The success of mathematical physics led the social scientists to be jealous of its power without quite understanding the intellectual attitudes that had contributed to this power. The use of mathematical formulae had accompanied the development of the natural sciences and become the mode in the social sciences. Just as primitive peoples adopt the Western modes of denationalized clothing and of parliamentarism out of a vague feeling that these magic rites and vestments will at once put them abreast of modern culture and technique, so the economists have developed the habit of dressing up their rather imprecise ideas in the language of the infinitesimal calculus.... To assign what purports to be precise values to such essentially vague quantities is neither useful nor honest, and any pretense of applying precise formulae to these loosely defined quantities is a sham and a waste of time [Wiener, 1964, p. 89].
The challenge is to develop a political economics that recognizes both ecological and existential scarcity and develops its propositions at a low to intermediate level of abstraction, understandable by the layman or average citizen, rather than dictated by a priesthood of "technically competent" obscurantists. If economic reality is actually so complex that it can only be described by complicated mathematical models that add epicycles to epicycles and externalities to externalities, then the reality should be simplified. Human institutions should not be allowed to grow beyond the human scale in size and complexity (Schumacher, 1973). Otherwise, the economic machine becomes too heavy a burden on the shoulders of the citizen, who must continually grind and regrind himself to fit the imperatives of the overall system, and who becomes ever more vulnerable to the failure of other interdependent pieces that are beyond his control and even beyond awareness (Vacca, 1974). Lack of control by the individual over institutions and technologies that not only affect his life but determine his livelihood is hardly democratic and is, in fact, an excellent training in the acceptance of totalitarianism.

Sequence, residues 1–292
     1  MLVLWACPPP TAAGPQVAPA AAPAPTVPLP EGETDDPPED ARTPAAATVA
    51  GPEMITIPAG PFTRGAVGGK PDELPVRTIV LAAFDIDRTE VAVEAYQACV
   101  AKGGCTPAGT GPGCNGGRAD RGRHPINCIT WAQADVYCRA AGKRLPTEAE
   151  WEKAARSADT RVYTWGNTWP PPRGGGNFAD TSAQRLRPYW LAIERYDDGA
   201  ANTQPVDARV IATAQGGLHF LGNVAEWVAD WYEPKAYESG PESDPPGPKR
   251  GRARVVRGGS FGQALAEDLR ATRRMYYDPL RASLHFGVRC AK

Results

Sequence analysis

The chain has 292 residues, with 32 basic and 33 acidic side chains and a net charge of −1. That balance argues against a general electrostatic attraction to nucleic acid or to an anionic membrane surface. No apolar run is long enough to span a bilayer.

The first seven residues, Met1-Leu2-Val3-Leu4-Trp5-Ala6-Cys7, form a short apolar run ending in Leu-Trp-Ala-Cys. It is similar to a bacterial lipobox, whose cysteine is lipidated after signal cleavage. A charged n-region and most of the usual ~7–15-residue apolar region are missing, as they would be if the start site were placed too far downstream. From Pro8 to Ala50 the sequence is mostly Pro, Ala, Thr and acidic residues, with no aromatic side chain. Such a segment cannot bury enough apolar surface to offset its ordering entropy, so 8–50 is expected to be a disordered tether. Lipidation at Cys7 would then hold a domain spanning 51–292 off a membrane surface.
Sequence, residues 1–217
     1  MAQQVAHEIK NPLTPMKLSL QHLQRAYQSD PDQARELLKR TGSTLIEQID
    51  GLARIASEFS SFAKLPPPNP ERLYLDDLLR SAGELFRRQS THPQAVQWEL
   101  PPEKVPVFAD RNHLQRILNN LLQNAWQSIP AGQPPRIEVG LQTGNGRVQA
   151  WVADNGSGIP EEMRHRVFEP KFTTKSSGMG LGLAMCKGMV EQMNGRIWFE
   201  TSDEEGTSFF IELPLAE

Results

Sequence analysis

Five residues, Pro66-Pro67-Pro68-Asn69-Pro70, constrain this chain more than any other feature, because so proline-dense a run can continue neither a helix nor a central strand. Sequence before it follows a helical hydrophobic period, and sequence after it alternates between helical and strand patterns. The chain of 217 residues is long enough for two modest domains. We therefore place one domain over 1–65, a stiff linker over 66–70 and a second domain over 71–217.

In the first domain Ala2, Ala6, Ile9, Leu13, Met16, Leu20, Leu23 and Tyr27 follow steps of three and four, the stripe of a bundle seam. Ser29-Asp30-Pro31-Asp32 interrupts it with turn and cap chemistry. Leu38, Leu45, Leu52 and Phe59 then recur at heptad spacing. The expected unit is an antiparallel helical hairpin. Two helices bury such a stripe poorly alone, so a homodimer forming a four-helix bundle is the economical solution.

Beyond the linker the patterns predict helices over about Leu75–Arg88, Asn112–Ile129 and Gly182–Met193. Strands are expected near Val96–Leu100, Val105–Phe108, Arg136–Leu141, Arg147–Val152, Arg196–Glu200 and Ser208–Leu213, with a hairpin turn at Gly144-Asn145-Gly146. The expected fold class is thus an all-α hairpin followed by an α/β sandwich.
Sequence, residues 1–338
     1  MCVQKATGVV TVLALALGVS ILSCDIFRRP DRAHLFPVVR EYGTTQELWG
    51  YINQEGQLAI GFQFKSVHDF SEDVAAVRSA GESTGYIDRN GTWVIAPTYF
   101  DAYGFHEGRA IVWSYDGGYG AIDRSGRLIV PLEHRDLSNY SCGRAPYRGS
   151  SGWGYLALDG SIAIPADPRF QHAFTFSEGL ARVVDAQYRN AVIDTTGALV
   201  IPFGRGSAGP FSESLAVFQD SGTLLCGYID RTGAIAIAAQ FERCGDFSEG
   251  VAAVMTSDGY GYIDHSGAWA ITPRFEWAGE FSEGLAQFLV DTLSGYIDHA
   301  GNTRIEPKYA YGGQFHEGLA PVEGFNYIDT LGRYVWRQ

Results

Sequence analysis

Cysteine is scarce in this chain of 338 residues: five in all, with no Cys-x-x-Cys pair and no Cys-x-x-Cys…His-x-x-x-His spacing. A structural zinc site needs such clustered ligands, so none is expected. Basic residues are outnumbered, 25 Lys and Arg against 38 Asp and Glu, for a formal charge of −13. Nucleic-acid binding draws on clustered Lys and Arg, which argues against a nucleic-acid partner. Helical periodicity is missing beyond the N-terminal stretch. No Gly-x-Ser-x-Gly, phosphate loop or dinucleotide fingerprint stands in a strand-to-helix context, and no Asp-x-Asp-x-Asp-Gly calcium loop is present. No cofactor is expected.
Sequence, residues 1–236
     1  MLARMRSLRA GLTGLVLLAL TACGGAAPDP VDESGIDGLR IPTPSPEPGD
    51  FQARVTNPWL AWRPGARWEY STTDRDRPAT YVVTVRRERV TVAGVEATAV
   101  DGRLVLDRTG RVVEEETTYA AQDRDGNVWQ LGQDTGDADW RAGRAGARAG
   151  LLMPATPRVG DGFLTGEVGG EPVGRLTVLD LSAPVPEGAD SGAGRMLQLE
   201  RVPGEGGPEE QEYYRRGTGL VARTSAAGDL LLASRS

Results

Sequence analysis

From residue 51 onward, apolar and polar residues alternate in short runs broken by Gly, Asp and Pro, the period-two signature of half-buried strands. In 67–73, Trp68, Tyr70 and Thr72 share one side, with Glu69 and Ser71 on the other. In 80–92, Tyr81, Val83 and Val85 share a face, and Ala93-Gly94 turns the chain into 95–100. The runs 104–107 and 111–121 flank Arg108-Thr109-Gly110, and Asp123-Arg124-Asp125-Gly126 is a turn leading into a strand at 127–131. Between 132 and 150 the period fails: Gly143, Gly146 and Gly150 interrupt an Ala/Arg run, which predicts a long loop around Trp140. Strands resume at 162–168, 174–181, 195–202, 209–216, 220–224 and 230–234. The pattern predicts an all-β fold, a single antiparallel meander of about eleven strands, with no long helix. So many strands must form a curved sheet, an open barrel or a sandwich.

That man is fully expected to make whatever adaptations are technologically required is part of the Faustian covenant that we have made with Big Science and High Technology. The guidebook to the 1933 Chicago World's Fair on science and industry proclaimed or reaffirmed the covenant: "Science discovers, industry applies, and man adapts himself to or is molded by new things.... Individuals, groups, entire races of men, fall into step with Science and Industry" (quoted in Dubos, 1974–1975, p. 8). Man receives wealth but accepts the obligation to adapt to, be molded by, and fall into step with Big Science and High Technology.